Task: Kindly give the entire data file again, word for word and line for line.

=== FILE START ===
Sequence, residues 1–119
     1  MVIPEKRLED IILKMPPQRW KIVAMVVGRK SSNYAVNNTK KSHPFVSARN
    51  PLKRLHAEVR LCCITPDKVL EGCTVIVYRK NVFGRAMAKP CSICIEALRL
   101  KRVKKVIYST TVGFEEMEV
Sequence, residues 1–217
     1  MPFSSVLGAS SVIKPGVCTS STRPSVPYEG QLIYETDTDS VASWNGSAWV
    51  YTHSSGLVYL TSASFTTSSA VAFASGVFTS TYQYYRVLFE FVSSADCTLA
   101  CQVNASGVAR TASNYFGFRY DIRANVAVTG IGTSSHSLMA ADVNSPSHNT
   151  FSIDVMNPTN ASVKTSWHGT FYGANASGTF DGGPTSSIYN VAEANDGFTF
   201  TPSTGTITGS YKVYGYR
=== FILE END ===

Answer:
Sequence, residues 1–119
     1  MVIPEKRLED IILKMPPQRW KIVAMVVGRK SSNYAVNNTK KSHPFVSARN
    51  PLKRLHAEVR LCCITPDKVL EGCTVIVYRK NVFGRAMAKP CSICIEALRL
   101  KRVKKVIYST TVGFEEMEV
Sequence, residues 1–217
     1  MPFSSVLGAS SVIKPGVCTS STRPSVPYEG QLIYETDTDS VASWNGSAWV
    51  YTHSSGLVYL TSASFTTSSA VAFASGVFTS TYQYYRVLFE FVSSADCTLA
   101  CQVNASGVAR TASNYFGFRY DIRANVAVTG IGTSSHSLMA ADVNSPSHNT
   151  FSIDVMNPTN ASVKTSWHGT FYGANASGTF DGGPTSSIYN VAEANDGFTF
   201  TPSTGTITGS YKVYGYR